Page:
“Like the parts of a machine, everyone has their own duty,” Janssen said. “And in true teamwork fashion, we are working for a higher purpose. I found our speakers this year to be very exciting, and it was a new challenge, something I hadn’t done before. I’ve spent my life as a performer, but usually with [an] instrument in hand. I’ve never really had the opportunity to have my voice as an instrument.”
“There are eight speakers, two performers and two videos,” Janssen said of the event. “[We have] Matthew Gray, who is a stage director who prides himself in collaborations with other disciplines. We have Richard Pell, who opened a Center for PostNatural History.... We have Nina Barbuto, who founded Assemble, which is a space for creativity through different projects. We have Dan Boyarski, who was a professor in the design department here, and he’ll be talking about kinetic typography.”
Meredith Grelli, who co-founded Wigle Whiskey with her family, also spoke at TEDxCMU. Grelli’s is the first whiskey distillery in Pittsburgh since the prohibition era. Lorrie Faith Cranor, director of the Carnegie Mellon CyLab Usable Privacy and Security Laboratory, gave a TED talk about Internet security. Founder of OpenCurriculum Varun Arora also spoke. OpenCurriculum is a free online database of curated teaching materials and curricula. Scott Andrew and Nina Sarnelle performed on behalf of the Institute of New Feeling — a research clinic experimenting in news ways of feeling physically and emotionally — to demonstrate some of the techniques they use there. Mallory Wang, a junior information systems major, demonstrated her Chinese yo-yo skills.
One of the speakers, Jane Werner, talked about sewing and its relation to her Makeshop program at the Children’s Museum of Pittsburgh, in which “children and families can design, create, and play freely using their own imaginations.” Werner has also developed Makeshop Plus, which is geared toward “older children who are still exploring their childhood passions.”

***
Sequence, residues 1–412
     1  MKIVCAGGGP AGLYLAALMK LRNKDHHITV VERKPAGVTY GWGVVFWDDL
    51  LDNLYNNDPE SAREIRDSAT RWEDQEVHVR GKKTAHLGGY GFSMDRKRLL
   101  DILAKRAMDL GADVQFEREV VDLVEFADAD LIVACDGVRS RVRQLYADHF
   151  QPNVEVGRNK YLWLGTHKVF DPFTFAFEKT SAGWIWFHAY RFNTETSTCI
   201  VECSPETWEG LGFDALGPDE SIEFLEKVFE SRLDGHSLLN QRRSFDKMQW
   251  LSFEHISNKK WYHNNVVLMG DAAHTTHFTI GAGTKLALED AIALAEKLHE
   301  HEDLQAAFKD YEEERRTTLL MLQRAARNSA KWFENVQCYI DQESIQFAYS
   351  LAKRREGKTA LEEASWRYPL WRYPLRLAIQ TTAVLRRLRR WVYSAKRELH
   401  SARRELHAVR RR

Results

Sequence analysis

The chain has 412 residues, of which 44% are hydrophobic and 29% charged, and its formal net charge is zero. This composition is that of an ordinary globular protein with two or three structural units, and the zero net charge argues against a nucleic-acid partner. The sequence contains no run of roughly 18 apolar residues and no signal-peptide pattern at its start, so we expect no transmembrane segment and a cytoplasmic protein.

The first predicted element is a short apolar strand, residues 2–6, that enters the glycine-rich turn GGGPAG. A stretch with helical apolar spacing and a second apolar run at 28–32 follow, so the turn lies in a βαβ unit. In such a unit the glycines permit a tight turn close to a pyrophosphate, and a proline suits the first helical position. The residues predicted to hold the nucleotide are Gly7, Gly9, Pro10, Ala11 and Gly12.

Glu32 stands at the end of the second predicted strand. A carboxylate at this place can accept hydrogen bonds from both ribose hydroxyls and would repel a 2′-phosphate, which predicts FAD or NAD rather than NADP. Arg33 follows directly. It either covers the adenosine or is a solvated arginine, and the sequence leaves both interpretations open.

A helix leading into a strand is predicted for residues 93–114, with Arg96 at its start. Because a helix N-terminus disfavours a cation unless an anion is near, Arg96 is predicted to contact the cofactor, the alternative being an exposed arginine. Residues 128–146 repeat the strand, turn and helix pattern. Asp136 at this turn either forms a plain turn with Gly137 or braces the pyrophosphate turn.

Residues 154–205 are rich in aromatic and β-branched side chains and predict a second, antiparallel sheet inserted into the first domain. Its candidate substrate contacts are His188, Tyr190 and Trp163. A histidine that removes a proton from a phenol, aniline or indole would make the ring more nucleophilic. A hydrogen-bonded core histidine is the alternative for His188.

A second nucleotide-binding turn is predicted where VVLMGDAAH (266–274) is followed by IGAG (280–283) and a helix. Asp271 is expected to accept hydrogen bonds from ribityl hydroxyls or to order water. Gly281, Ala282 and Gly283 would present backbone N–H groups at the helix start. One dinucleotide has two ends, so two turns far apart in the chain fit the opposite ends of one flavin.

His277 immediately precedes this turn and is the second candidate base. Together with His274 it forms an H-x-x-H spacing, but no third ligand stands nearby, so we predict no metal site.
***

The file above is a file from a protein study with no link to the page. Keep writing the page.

Werner said that the reason she is a children’s museum director is because she used to sew. The process of sewing, in which changes, rips, and improvisation are often employed, is similar to life, she explained. “Sewing taught me a whole bunch about materials, and [Makeshop] is teaching these kids also to see their world in a new way,” Werner said. “It gave me confidence [and] perseverance, and you can see how proud people are of their works. It’s important that we give kids and families this opportunity to work together and discover who they are.”
Dan Boyarski, professor and former head of the School of Design, talked about kinetic typography and how it facilitates communication. He compared the book culture of the past to digital culture and explained how the current digital culture has more to offer. While books are static, digital mediums are more dynamic. Digital culture, he argued, can be more effective in conveying a message than books.
The diversity of presentations appealed to students who attended. Baek Kim, a sophomore electrical and computer engineering and robotics double major, said, “I liked the presentation on kinetic typography and the first presentation, because I thought it was interesting how [Gray] connected Shakespeare to binary.”
“I just declared my robotics major, and I liked how he connected his speech to something I can relate to. I liked all of the presentations,” Kim said.